For a short time, I had a humorous/observational column in a local magazine called Upstate Women. Unfortunately, the magazine is no longer being published. I enjoyed the experience of writing a column so much, that I would like to continue writing in that vein. So once a month, I will offer a new column about something that bugs me in some way that may strike a chord with you, too.
Several of the columns you will see have already been published; the others were written after the demise of the magazine. The column will be called "Inanities" because I feel that is the word which aptly describes the things that make us want to smack our heads in frustration. Please let me know your reactions to these columns as I would enjoy hearing what bugs you, too. You can reach me at email@example.com.
THEY'RE GOING TO PUMP . . . YOU UP
by Nancy Rechtman
Inflate: (verb) Definition #1: to expand with air. Examples: blowing up balloons, beach balls, bicycle tires, kids' wading pools. Many people (read: males) believe they have enough hot air in their lungs to expand these objects with their own inflationary techniques, but using a pump is strongly suggested in order to avoid a trip to the emergency room.
Definition #2: make something appear larger. Examples: the importance of the boss's son. The egos of various wannabes in any industry. Silicone breast implants.
Definition #3: increase prices or money supply. Aha, that one is right on the money! So to speak. Have you made a trip to the grocery store in recent days? We were warned that the price of milk is about to blast off into the stratosphere. And I truly hope the struggling dairy farmers will reap the benefits of this price increase since they are the ones who actually deserve the money. But suddenly buying milk, cheese, yogurt and ice cream has become an exercise in stretching our budgets as taut as a worn-out rubberband.
We have been fortunate for the past few decades that we have not suffered from inflation the way we did back in the 70's when prices for all goods leapt exponentially higher on a daily basis. Along with dairy prices heading for Mars, we have been getting socked in the gut each time we go to fill up our gas tank. The fact that we do pay less for gas than those in other countries has led to the proliferation of the Paleolithic gas-guzzling monstrosities known as SUV's. When gas was only around $1.20 a gallon (remember those days?) people didn't think twice about buying a car as large as a house. Now, suddenly they are bewailing the fact that they need to take out a second mortgage just to fill up their gas tanks.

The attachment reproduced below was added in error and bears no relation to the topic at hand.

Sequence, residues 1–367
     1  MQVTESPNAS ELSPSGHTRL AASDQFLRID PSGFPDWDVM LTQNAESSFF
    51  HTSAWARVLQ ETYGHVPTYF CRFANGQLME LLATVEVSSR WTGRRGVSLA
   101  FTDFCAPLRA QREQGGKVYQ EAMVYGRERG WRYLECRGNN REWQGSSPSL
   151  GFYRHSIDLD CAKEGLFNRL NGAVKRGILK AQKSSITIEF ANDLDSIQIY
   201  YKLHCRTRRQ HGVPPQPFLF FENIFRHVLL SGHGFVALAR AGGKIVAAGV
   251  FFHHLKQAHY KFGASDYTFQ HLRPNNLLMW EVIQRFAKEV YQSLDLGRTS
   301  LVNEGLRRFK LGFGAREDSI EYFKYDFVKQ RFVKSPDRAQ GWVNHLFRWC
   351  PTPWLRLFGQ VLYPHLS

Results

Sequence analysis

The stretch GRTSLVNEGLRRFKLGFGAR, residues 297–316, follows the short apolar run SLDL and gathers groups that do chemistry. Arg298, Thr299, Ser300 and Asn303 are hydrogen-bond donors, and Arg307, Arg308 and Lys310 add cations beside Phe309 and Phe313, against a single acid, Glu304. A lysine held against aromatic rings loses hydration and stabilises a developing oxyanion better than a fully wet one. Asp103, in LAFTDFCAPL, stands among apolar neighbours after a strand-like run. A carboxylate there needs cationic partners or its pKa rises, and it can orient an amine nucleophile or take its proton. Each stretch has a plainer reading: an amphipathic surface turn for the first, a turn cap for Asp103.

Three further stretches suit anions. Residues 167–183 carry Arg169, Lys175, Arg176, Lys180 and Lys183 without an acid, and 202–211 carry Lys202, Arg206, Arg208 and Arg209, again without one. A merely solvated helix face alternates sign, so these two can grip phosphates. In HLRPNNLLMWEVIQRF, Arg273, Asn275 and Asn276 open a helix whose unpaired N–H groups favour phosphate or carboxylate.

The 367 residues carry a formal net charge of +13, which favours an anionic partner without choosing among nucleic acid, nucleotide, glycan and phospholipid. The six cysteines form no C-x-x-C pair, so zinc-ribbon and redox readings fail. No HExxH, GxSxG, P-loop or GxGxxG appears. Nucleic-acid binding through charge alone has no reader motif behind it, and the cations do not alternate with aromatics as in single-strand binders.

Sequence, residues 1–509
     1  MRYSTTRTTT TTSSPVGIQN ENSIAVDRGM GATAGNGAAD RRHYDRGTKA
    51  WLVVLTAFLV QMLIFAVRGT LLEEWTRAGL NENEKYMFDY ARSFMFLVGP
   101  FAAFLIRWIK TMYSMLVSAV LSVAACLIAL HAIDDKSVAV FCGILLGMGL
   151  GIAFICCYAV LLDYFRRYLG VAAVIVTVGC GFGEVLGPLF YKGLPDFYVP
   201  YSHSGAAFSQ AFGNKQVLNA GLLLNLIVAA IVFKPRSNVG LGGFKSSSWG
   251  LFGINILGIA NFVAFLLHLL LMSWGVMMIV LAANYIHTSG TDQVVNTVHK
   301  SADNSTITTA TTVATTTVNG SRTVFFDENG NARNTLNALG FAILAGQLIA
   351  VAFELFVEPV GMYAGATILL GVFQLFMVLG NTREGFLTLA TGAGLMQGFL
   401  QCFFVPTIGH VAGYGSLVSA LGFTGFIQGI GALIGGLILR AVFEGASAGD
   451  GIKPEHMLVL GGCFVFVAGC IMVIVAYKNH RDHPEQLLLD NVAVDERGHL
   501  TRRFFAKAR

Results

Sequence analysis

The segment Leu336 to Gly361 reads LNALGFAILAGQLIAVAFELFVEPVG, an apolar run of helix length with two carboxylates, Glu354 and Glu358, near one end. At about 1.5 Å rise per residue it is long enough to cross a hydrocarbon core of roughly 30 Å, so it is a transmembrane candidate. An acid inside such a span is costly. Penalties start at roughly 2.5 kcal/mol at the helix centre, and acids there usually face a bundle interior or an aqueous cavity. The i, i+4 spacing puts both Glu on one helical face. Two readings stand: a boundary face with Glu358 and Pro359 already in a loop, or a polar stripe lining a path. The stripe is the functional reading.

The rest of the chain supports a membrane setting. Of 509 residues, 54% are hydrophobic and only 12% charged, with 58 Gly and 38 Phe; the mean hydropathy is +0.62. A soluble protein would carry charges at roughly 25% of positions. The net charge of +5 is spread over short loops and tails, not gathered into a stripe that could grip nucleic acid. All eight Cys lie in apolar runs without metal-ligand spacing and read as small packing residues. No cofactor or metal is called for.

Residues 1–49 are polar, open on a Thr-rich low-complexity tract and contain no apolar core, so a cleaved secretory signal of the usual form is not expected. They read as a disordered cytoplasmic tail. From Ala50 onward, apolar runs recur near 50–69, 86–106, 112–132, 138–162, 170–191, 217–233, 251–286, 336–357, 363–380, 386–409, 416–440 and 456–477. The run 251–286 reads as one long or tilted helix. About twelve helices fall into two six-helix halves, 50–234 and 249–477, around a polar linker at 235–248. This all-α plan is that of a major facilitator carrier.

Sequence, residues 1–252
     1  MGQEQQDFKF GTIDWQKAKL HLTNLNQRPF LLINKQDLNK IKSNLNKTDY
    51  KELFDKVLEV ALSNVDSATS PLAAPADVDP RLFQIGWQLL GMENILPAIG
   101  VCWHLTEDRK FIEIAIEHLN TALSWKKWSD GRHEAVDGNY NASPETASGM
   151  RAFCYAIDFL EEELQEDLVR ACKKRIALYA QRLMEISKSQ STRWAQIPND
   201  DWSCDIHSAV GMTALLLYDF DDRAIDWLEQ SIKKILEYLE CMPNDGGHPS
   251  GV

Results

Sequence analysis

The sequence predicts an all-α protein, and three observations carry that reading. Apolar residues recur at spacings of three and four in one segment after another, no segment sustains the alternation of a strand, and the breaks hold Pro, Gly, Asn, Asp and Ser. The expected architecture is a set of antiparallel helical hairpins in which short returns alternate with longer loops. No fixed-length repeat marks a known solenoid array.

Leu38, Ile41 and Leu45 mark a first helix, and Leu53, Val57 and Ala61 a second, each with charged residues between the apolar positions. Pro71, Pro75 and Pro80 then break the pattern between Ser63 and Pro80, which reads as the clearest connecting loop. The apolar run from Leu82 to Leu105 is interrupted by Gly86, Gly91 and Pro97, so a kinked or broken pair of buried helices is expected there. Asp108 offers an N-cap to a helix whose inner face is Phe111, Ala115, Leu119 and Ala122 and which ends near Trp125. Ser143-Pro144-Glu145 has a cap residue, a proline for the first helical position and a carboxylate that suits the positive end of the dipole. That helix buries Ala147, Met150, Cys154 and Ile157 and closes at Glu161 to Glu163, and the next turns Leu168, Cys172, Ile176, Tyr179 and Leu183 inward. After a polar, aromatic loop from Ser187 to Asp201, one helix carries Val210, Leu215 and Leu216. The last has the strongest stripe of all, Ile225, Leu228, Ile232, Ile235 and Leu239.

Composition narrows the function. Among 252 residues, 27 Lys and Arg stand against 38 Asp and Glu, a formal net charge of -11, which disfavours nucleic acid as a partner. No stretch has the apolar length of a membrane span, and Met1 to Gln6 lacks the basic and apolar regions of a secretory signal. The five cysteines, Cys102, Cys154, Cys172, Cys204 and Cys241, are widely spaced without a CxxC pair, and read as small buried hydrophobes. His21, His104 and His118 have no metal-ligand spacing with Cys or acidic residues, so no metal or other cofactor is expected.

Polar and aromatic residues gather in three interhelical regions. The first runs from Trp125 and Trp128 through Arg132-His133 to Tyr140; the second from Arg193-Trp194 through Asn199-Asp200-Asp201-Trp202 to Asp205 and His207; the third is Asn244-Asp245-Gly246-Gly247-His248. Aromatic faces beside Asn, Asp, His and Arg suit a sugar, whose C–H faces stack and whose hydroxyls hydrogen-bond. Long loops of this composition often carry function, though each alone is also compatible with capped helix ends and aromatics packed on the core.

And the ripple effect of these prices has also affected air travel. I checked on airfares last month for my annual trek up North. They were somewhat higher than what I had paid last year, but still in the realm of reality. I checked the prices again last week and felt my blood pressure rise higher than a wayward parachute. They had practically doubled since last month! Not only would the same trip now involve writing a check almost as large as one for a new car, but we'd probably have to forget the kids going to college as well. What the heck is going on here? Yes, gas prices have gone up about 1/3 from where they were last year. But doubling the price of a short flight in the span of one month?
And who are the people who can afford to fly at these prices? Certainly not the people whose jobs have been outsourced to the far reaches of the world, and no longer available in America. (outsource: (verb) subcontract - to buy labor and parts from a source outside a company or business rather than using the company's staff or plant.) I hadn't been aware of the extent of outsourcing until each time I dialed an 800 number to try to get information about anything lately, I got someone on the other end with an almost unintelligible foreign accent. And, even then, I was assuming (we all know what happens when we assume, don't we?) that these people were actually located in America! Imagine my shock when I discovered that most of our information technology is now being handled by people oceans away. Well, I have a question. Why aren't we giving American companies incentives to keep the jobs here? There are plenty of hard-working people right here who need the work desperately. Why are their jobs streaming overseas? Why is it easier for these companies to hire people they will never see rather than keep the work here, especially in these difficult economic times? If people who have jobs are having trouble paying for food and transportation, what is happening to those who are desperately seeking work? If overseas labor is so cheap, perhaps we should outsource the highest executive positions of these companies, too, since an obscene percentage of the earnings made by most businesses goes to the inflated salaries and bonuses of those at the top.
I wish I had the answer that would solve these problems. But then I'd have to inflate my ego to gargantuan proportions and outsource the solution to a government that might actually care.
Copyright Nancy Machlis Rechtman, all rights reserved. Small excerpts of the column may be republished as long as appropriate credit is given. To request permission to publish larger portions or the entire column, e-mail firstname.lastname@example.org.